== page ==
Vim commands for navigation and editing
Vim is an extremely powerful text editor and can be especially useful when editing larger files. It can speed up/ease up the process. We’ll be looking at some essential Vim commands for navigation and editing text.This article focuses on every day Vim usage, meaning – to help out or increase productivity for a individual or to jump start their journey working in Vim(vim navigation and editing). Vim has multiple working modes and in this post we’ll cover – Normal, Command, Visual and Insert mode, which are modes for every day usage.
- Normal mode is a default mode when you open Vim and from it you access other modes.
- Insert mode is the text editing mode – adding and removing text by typing.
- Visual mode is used for text selection and bulk editing.
- Command mode is used to run Vim global commands(Vim preferences), text manipulation, pattern search and so on.
Vim Insert mode(or vim edit mode)
To enter the Insert mode, hit the letter “i” on your keyboard. Once in Insert mode, you can add and remove text like in any other text editor.
“Ctrl+p” and “Ctrl+n” – auto completion menu
Insert mode also supports standard keyboard shortcuts.
Standard navigation keyboard shortcuts:
- “Home”,“End” keys – cursor jump to the beginning and to end of line,
- “PgUp” and “PgDn” keys – Jump to beginning and to the end of screen(not file jumps, it’s terminal screen jumps)
- “Ctrl+arrow keys” (left and right) – Jump to next and previous word
- “Ctrl+Shift+c” and “Ctrl+Shift+v” – copy and paste while in Insert mode.
To exit the Vim Insert mode, hit the “Esc” key and you’ll be again in Normal mode.
Vim Normal mode commands
In Normal mode we can navigate through text with these commands:
- “0” – move cursor at the beginning of the line
- “$” – move cursor at the end of line
- “gg” – move cursor at the beginning of file
- “GG” – move cursor at the end of file
- “e” – set cursor at end of the current word
- “b” – set cursor at the beginning of the previous word
- “w” – set cursor at the beginning of the next word
- “H” – move the cursor to the start of the displaying screen.
- “M” – move the cursor to the middle line of the screen.
- “L” – move the cursor to the end line of the screen.
- “ctrl+f” – Jump forward(down) one full screen.
- “ctrl+b” – Jump backwards one(up) full screen
- “ctrl+d” – Jump forward (down) a half screen
- “ctrl+u” – Jump back (up) one half screen
Text deletion(Normal mode commands as well)
- “dd” – Deletes a line of text
- “dw” – Deletes a word
- “D” – Deletes everything from where your cursor starting position is to the end of the line
- “d0” – Deletes everything from where your cursor starting position is to the beginning of the line
- “dgg” – Deletes everything from where your cursor starting position is to the beginning of the file
- “dG” – Deletes everything from where your cursor starting position is to the end of the file
Undo and redo
- “u” – run undo
- “Ctrl+r” – run redo
Select, copy and paste text in Vim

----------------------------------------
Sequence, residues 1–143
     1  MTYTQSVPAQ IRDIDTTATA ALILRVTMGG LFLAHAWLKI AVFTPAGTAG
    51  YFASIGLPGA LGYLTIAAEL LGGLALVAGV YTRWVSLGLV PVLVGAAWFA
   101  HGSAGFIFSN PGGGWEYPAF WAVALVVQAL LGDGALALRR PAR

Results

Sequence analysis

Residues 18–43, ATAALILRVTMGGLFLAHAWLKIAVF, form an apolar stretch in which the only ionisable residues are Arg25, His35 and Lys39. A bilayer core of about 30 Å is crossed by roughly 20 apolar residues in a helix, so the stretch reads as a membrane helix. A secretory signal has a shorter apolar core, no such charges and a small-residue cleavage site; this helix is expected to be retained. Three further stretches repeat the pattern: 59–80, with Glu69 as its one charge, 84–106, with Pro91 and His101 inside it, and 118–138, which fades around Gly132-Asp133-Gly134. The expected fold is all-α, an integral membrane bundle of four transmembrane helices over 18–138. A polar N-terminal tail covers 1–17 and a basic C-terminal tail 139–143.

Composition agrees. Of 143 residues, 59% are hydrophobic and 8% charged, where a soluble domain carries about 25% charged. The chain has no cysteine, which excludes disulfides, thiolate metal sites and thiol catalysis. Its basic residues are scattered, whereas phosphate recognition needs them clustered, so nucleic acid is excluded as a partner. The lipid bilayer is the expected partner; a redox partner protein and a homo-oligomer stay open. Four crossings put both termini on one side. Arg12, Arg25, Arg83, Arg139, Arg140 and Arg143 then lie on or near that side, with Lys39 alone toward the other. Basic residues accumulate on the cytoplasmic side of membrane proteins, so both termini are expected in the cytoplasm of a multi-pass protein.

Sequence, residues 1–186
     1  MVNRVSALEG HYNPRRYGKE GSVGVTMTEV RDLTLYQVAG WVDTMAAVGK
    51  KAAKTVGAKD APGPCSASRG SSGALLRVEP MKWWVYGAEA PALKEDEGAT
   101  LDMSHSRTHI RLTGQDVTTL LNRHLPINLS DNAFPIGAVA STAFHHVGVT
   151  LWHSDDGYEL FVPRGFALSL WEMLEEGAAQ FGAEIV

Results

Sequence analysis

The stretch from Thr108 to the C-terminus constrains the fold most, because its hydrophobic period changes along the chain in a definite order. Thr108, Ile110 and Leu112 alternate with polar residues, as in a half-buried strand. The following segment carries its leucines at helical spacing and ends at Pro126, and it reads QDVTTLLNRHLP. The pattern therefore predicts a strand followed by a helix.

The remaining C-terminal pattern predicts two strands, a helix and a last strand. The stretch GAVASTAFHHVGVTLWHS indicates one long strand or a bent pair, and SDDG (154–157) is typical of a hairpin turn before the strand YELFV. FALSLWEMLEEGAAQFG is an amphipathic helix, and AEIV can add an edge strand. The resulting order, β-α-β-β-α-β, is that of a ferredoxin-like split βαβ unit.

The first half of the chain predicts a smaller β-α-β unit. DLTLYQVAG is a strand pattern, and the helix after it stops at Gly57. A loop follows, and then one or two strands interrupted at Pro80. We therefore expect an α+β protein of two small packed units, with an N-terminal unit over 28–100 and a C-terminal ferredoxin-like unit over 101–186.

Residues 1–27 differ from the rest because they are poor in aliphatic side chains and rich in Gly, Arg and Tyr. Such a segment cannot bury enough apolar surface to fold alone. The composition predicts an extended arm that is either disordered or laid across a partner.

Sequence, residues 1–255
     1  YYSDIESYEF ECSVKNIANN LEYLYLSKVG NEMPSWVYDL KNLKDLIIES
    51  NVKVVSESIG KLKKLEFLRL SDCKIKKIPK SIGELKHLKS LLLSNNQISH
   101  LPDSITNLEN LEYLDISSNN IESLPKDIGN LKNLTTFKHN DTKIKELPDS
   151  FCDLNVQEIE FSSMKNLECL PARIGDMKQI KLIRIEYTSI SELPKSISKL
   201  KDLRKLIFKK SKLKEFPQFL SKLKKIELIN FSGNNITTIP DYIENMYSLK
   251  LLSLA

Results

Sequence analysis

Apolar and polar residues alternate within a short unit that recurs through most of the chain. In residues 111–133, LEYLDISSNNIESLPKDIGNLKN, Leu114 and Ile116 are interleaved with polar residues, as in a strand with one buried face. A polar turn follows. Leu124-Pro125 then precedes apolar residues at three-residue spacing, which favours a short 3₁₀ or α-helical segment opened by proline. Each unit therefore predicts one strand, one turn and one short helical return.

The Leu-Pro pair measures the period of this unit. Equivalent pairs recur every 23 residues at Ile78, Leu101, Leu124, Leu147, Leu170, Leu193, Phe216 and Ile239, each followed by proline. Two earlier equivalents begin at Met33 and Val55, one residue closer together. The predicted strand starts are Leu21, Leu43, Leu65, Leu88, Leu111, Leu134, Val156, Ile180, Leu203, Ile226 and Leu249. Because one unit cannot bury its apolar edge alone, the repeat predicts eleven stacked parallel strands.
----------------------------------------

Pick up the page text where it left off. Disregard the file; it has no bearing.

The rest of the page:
Now let’s review text selection, copy, paste and delete process.
For this need we need to enter visual mode. You access it with “v” and “V” keys.
- “V” – selects the entire line
- “v” – selects letter by letter or character by character with the left, right arrow keys
Once the text is selected we can do the following:
- “d” – delete the selection
- “y” – copy the selection
- “p” – paste the selection
Copy the entire line, a word or multiple lines:
- “yy” – copies the entire line
- “2yy” – copies the next 2 lines from the cursor starting position
- “yw” – Copies a word
- “y$” – Copies from where your cursor starting position to the end of a line
Search in Vim
To start a search, in Normal mode hit the “/” character and then just type what you need to find and hit “Enter”. Then once you get a hit, with the “n” letter you move to the next search hit and with “N” you move to the previous hit.
Search and replace in Vim
Search and replace is run in command mode. We tell Vim we’ll run a command with the “:” character.
So, for a search and replace command it will look like this:
- “:s/oldtext/newtext” and then hit “Enter”
But this command will search and replace only one line, so here are command variations to search and replace the entire text file:
Find each match of ‘Vim’ (in the current line only), and replace it with ‘VIM’.
Find each match of ‘Vim’ (in all lines), and replace it with ‘VIM’.
Change each ‘Vim’ to ‘VIM’, but ask for confirmation first.
Change only whole words exactly matching ‘Vim’ to ‘VIM’; ask for confirmation.
Change each ‘Vim’ (case insensitive due to the i flag) to ‘VIM’; ask for confirmation.
Change each ‘Vim’ (case sensitive due to the I flag) to ‘VIM’; ask for confirmation.
Save changes and exit Vim
These commands are also run from command mode.
“:q” – quit Vim without saving any changes
“:q!” – quit and discard any made changes(the “!” in command mode actually overrides/ignores any prompts that may pop up which can block from command running)
“:w” – write/ save changes
“:wq” – save and quit Vim
Learn using Vim from terminal
You can also learn Vim from the terminal itself. In most Linux distributions which comes with Vim pre-installed, also comes the application – vimtutor, which is a Vim manual in which also covers basic, everyday usage, instructions to perform operations and list Vim commands and what they do.
To summarize the article we covered some of the essential Vim commands how to navigate in Vim, how to edit text and how to perform some basic commands – search text in Vim, make a selection of a text, do copy and paste of the text, run search and replace and how to save changes and quit.
Working in Vim may seem intimidating, but it doesn’t take much time to get used to it and it may speed up and increase productivity.
Thank you for your time…